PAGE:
Learning As A Process

'I am Here for the Learning Revolution' photo (c) 2008, Wesley Fryer - license: http://creativecommons.org/licenses/by-sa/2.0/

Kuhlthaus’ “Learning as a Process”chapter was an important reading for me professionally.

I articulated in a recent post “What sort of library?” the aspects of the learning environment I was striving for – and then I read this chapter! The learning environment I am aiming for is constructivist, where the learning is active and dynamic.

It was enlightening and exciting to read and understand the theories explained by Kuhlthau in this chapter. I had lots of “a-ha” moments and “so that’s why!” and “I’ve seen that too” thoughts.

I will scaffold my thoughts and responses using a Visible Thinking routine called “Connect, Extend, Challenge”:

CONNECT: How are the ideas and information presented 
CONNECTED to what you already knew?
  •  learning is active and dynamic
  • students are “constructing their own personal worlds”
  • students construct their own knowledge from the information they collect
  • information seeking to broaden their understanding of the world
  • thinking and reflecting go hand in hand with learning by doing -> higher order thinking skills and metacognitive thinking. Visible thinking routines can be used to scaffold student thinking and reflection.
  • the idea that the “Problem and solution stand out completely at the same time” (Dewey quoted in Kuhlthau, 2004, p.16). Often we can see the solution to a problem at the very same time as the problem itself becomes clear, this is especially the case when researching – clarity and a sense of “a – ha” that’s the answer happens at exactly the time that you understand or “get” the problem that you were struggling with.
EXTEND:                   What new ideas did you get that EXTENDED or pushed your thinking in new directions?
  • to provide useful and appropriate scaffolding that will support students to take control of the process. Students need to be able to confidently be able to use routines and scaffolds that they know will help them organise their thinking.
  • knowing how to learn – empowering and enabling students to have the responsibility = skills, strategies and processes
  • working towards deep understanding and being able to transfer it to other situations. In the rush of the classroom we have to have strong convictions to give over the time to support and promote learning experiences that contribute to deep understanding. It can be done, and very rewarding when it is done.
CHALLENGE:             What is still CHALLENGING or confusing for you to get your mind around? What questions, wonderings or puzzles do you now have?
  • Making inferences  – jumping from the known and beyond the given information is the aim of learning and what the students I teach find very difficult to do. I’m not sure if it lack of opportunity to do this, lack of scaffolding or something else? Is  it because they haven’t gone through the entire phases of reflective thinking – maybe they are stuck on conceptualizing the problem and are therefore unable to make the jump to tentative interpretation/ hypothesis making.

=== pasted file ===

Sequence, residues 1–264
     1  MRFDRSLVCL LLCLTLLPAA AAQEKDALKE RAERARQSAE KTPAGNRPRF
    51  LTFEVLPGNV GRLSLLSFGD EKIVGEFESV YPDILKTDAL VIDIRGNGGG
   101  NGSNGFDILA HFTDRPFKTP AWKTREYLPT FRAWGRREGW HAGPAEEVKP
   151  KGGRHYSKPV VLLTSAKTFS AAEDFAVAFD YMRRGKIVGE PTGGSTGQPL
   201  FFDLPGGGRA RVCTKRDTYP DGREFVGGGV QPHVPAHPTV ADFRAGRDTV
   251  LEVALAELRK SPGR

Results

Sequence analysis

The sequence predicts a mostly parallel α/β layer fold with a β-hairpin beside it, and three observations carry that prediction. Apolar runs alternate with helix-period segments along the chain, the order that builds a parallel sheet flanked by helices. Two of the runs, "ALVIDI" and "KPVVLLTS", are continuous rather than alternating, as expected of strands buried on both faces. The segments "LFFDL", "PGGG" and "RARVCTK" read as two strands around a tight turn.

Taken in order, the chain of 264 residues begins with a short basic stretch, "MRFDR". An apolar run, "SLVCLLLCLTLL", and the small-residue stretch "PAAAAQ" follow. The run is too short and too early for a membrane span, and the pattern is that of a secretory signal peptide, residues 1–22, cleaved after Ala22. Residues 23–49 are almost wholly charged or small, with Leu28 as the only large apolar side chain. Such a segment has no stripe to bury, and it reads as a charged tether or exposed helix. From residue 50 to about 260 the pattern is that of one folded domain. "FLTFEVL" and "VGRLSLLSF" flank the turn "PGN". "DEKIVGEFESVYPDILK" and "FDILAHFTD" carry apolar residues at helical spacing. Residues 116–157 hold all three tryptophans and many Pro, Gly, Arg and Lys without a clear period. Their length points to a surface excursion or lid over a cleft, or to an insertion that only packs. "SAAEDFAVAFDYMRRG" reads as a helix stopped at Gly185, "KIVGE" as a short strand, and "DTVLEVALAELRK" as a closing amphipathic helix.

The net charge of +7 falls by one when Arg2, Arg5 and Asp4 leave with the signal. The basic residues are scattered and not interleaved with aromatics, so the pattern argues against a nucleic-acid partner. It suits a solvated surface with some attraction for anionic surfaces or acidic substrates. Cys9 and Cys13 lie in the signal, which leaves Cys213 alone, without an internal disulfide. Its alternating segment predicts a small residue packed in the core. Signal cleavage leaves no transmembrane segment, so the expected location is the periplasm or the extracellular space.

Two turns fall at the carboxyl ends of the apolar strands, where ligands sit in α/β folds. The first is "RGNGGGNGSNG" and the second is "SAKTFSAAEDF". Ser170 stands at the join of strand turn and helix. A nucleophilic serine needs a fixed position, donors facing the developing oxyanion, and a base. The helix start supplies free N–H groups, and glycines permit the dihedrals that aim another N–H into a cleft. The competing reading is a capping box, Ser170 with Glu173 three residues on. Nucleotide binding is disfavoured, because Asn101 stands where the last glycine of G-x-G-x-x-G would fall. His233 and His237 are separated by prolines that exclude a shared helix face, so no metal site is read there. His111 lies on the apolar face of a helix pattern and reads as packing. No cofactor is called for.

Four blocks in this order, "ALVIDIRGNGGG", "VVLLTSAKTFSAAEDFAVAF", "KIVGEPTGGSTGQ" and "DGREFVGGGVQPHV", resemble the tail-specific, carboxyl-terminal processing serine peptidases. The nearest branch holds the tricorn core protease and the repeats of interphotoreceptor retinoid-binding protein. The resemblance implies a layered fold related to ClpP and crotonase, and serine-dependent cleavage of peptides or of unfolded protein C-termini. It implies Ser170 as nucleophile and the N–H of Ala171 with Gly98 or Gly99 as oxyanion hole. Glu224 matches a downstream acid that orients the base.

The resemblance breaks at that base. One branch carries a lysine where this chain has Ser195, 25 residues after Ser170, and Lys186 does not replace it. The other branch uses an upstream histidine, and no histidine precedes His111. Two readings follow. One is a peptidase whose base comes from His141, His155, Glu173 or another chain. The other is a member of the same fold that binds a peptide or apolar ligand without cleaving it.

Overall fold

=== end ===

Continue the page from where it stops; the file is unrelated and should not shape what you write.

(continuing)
The Constructive Process

In her work on inquiry learning, Carol Kuhlthau is heralded as being the first person to incorporate feelings into a model of the  inquiry learning process. Upon reflection, there is a lot more to incorporating thinking, feeling and acting in learning than just identifying the feelings students are having at particular times in the process. Kuhlthau’s model has let me know where in the inquiry learning process my students are most likely to have uncomfortable and negative feelings, and be ready to give up. But more importantly, she has matched these feelings with what the students are doing cognitively at this time.

This will enable me to provide scaffolds, organisers and learning experiences to support my students in their cognitive tasks at these points in the process.

By electing to use these scaffolds, organisers and learning experiences students should be able to reflect, infer, predict or see patterns in their information and therefore technically be in a better, more supported/confident/aware and positive position to make the jump to the next step in the inquiry learning process.

So my role is to have on hand a selection of learning experiences, scaffolds and routines for students to use at various times in the learning process, but especially at those times when their feelings are low and negative.

My learning of and about the inquiry learning process is deepening my understandings of what is involved in the information process and will hopefully lead me to be able to transfer this knowledge in practical and meaningful ways across age groups, grade levels and Key Learning Areas.


Image: “Icelandic Faces”

Icelandic Faces